TEMPE, Ariz. (AP) — The strain and sweat on their faces showed just how much one more chance in the NFL means to Michael Sam and 104 others. Except for pro days for college players entering the draft, March isn't usually a time for running sprints and drills before scouts. Then again, these "veterans" will take any opportunity to prove their worth.
TEMPE, Ariz. (AP) — The strain and sweat on their faces showed just how much one more chance in the NFL means to Michael Sam and 104 others.
Except for pro days for college players entering the draft, March isn't usually a time for running sprints and drills before scouts. Then again, these "veterans" will take any opportunity to prove their worth.
"Whoever wants me," Michael Sam said Sunday when asked about returning to the field for the initial NFL veterans combine. The first openly gay player drafted didn't make it with the Rams last year, cut at the end of training camp. He landed on the Cowboys' practice squad for a few weeks, then was released.
"If the Rams or Cowboys want me, I'm on the first flight out," he said.
Unlike many of the others on hand, including a variety of former first-round draft picks such as Brady Quinn, Felix Jones, Jamaal Anderson and Adam Carriker, Sam really has a blank NFL resume. But he's certain he'll get a shot at a roster spot — and not the "Dancing With The Stars" variety.
"Absolutely, I think my chances are high," the 25-year-old defensive end said. "As long as I have that will to play the game and I am healthy, you'll continue to see me trying to play in this league. I am very confident I will be playing football somewhere."
Sam didn't rule out Canada, either: "If that's the opportunity, I'll take it. I'm a fighter and I'm going to keep fighting."
Sam's disclosure that he is gay brought a wave of attention to the NFL from those outside sports. The Rams were applauded for selecting him, albeit eight spots from the end of the proceedings.
That he didn't make the roster, the team said, was purely a football decision, and Sam was trying to break in on one of the league's top pass-rushing units.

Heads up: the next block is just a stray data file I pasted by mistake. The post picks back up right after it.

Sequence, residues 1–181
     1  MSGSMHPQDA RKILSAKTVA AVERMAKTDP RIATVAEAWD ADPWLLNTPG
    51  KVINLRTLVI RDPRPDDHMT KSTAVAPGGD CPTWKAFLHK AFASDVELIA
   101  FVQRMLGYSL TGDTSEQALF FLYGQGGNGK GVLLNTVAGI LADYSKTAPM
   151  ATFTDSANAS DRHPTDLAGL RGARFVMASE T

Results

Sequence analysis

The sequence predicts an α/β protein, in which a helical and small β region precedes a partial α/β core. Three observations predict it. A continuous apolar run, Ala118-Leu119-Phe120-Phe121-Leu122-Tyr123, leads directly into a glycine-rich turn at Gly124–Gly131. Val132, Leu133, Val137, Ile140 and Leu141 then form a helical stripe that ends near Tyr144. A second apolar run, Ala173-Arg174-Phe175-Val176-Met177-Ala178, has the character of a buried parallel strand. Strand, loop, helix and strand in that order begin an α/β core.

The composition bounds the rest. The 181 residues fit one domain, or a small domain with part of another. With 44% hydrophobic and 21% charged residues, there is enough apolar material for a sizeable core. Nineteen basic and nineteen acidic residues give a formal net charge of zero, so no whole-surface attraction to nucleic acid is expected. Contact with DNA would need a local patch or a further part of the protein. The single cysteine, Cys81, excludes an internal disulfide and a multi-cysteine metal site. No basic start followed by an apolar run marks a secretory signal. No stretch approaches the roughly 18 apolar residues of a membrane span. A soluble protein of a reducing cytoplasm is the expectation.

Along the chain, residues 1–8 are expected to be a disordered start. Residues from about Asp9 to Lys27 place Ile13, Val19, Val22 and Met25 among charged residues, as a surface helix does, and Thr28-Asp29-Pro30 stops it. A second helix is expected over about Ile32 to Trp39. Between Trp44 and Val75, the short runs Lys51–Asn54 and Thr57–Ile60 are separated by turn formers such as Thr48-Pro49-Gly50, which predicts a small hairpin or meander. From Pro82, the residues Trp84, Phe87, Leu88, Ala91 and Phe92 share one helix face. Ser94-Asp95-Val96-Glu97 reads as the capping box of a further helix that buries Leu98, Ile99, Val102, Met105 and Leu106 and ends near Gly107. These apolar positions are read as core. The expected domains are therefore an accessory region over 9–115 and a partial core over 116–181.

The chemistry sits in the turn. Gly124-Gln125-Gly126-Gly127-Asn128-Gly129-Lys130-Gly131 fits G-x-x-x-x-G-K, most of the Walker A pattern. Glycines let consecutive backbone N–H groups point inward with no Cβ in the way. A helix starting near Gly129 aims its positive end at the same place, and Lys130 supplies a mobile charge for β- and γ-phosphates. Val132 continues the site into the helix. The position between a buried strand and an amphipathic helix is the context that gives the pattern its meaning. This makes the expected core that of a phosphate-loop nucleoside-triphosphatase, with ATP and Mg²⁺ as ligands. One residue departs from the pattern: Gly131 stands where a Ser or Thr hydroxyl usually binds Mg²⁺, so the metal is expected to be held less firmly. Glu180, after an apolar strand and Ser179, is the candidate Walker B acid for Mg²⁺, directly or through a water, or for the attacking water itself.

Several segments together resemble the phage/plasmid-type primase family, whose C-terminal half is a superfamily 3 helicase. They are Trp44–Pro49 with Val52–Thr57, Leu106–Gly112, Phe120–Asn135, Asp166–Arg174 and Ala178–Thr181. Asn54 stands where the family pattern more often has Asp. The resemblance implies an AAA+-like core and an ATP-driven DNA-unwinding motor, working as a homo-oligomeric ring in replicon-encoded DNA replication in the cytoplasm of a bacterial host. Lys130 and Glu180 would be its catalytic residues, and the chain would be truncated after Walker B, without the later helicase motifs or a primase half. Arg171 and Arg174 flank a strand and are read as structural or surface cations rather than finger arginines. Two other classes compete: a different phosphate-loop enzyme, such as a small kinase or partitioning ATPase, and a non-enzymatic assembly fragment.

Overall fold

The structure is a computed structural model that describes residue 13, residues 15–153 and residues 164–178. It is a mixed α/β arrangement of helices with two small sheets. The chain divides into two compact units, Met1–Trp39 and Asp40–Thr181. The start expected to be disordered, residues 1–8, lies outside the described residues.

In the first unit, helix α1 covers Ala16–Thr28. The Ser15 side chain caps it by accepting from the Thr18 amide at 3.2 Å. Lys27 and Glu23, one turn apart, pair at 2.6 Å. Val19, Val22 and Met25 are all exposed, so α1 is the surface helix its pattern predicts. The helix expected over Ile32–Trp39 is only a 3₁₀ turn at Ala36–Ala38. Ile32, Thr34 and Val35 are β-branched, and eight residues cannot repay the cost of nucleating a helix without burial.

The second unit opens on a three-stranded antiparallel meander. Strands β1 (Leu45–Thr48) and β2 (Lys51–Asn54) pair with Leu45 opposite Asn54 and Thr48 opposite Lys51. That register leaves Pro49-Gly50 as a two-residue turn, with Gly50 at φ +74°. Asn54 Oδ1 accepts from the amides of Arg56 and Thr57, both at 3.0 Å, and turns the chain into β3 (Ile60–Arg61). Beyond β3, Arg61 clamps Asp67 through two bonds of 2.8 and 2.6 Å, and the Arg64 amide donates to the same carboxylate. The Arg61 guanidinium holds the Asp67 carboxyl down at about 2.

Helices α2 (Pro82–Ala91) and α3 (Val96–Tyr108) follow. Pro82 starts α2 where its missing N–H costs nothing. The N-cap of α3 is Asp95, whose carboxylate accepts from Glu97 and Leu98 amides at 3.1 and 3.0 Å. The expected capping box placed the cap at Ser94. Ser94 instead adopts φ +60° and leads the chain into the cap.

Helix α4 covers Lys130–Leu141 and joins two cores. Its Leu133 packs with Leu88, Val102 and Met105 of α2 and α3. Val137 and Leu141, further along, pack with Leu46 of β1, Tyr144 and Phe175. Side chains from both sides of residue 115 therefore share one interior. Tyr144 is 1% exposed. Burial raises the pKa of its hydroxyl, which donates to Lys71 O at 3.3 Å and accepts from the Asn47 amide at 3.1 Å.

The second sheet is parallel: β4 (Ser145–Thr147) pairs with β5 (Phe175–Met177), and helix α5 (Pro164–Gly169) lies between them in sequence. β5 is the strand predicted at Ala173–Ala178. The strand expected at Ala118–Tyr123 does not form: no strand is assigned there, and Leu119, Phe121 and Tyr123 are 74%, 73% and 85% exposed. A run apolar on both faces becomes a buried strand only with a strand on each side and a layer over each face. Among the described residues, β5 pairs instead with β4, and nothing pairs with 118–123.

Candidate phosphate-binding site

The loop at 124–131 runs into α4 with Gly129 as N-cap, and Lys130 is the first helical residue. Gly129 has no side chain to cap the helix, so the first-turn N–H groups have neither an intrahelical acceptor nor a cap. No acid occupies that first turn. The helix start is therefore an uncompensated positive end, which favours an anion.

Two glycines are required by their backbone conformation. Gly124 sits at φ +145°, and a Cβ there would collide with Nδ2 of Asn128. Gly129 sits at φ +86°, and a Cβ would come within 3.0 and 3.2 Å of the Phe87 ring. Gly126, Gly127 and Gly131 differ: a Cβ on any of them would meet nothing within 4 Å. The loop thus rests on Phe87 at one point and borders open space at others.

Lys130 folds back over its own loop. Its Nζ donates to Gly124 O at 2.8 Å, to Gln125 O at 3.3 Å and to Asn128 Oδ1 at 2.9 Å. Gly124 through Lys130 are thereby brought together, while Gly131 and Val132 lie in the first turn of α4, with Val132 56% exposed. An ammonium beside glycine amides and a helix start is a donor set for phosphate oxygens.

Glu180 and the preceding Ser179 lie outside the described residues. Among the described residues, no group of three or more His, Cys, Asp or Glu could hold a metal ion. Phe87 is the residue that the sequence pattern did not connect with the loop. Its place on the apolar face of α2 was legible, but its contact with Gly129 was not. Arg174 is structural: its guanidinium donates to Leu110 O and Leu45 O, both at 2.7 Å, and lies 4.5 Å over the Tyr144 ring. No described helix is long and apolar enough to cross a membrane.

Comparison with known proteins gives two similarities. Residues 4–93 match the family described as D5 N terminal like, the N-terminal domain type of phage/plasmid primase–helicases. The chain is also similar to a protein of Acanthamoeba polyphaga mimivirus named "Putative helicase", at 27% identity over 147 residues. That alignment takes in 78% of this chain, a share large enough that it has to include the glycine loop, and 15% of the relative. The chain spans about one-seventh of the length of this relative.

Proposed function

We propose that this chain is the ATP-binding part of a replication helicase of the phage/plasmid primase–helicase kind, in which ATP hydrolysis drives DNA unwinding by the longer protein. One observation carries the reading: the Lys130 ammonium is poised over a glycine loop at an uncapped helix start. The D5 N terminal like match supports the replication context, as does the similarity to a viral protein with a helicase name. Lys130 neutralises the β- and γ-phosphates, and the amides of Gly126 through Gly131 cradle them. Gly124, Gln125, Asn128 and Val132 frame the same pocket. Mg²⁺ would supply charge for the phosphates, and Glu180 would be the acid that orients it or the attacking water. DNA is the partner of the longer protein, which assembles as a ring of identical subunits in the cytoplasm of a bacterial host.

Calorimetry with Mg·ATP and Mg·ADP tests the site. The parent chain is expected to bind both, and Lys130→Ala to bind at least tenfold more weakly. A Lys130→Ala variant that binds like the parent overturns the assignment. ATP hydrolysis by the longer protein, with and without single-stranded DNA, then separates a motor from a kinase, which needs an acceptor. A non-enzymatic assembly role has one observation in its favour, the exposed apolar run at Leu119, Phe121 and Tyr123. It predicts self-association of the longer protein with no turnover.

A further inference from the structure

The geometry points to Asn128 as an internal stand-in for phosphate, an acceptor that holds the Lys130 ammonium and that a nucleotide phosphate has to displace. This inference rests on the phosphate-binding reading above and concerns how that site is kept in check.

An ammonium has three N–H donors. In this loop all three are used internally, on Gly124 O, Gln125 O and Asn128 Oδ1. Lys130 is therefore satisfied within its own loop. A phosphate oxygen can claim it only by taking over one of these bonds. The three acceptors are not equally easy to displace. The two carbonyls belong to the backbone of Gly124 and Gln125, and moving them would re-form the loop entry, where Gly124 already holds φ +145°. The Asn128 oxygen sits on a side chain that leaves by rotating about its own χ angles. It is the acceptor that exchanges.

Dallas signed him for the practice squad days later, but released him in October. Sam has been out of football since. What he wants is another look.
"I'm young and I'm still good," Sam said. "I don't have any injuries. I'm going to play."
Many of the players in Tempe have played extensively in the league and were among more than 1,800 applicants for this combine. Whether they were released or, quite often, injured, they couldn't — or wouldn't — come to grips with their NFL careers being over.
Carriker, for example, missed the last two seasons because of a torn quadriceps and then a setback in his recovery. The Rams' first-rounder in 2007 (13th overall), he played two seasons in St. Louis before being traded to Washington. He spent his last four seasons with the Redskins but has not been in a game since 2012.
During recent workouts, Carriker said he was outrunning defensive backs, which gave him a huge boost toward a comeback. Several teams contacted his agent and said they'd watch him work Sunday.
The defensive end even volunteered to lift weights, something not on this combine's agenda.
"Out of sight, out of mind. That's why this is great for me," he said. "To show I am still alive and here and want another chance.
"If it's possible my passion for the game is probably stronger. When you have to watch something you love and have been doing all your life, it's difficult."
Jones echoed those thoughts. The Cowboys' first-rounder in 2008 (22nd overall) spent five seasons in Dallas, leading the NFL with a 5.9-yard rushing average in his second season. But he rarely was the team's first consideration as a rusher. After spending 2013 with Pittsburgh, Jones was out of football last year.
The 27-year-old Jones showed some burst at the combine, and hoped it was noticed.
"Every veteran wants another opportunity to showcase what he can do," he said. "I can bring speed, quickness and excitement. I'm a special teams player, I can catch the ball out of the backfield, I can even play in the slot if they want me to do it. Whatever it takes."
These veterans — at least the ones who have had a true taste of the NFL — understand just how much it takes to remain there. It's even tougher to get back there.
"Yeah, this shows people I am still around," said 30-year-old running back Michael Bush, a six-year vet who last played in the league with Chicago in 2013. "Put me in pads. I always get the job done."